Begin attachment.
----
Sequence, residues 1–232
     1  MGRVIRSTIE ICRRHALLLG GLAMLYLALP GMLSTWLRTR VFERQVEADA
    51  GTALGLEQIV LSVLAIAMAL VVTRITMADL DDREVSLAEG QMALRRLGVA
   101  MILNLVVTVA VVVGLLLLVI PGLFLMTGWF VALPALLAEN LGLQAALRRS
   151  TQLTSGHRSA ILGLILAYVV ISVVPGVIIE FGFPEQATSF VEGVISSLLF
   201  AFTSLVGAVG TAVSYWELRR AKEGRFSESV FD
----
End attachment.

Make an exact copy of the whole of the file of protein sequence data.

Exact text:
Sequence, residues 1–232
     1  MGRVIRSTIE ICRRHALLLG GLAMLYLALP GMLSTWLRTR VFERQVEADA
    51  GTALGLEQIV LSVLAIAMAL VVTRITMADL DDREVSLAEG QMALRRLGVA
   101  MILNLVVTVA VVVGLLLLVI PGLFLMTGWF VALPALLAEN LGLQAALRRS
   151  TQLTSGHRSA ILGLILAYVV ISVVPGVIIE FGFPEQATSF VEGVISSLLF
   201  AFTSLVGAVG TAVSYWELRR AKEGRFSESV FD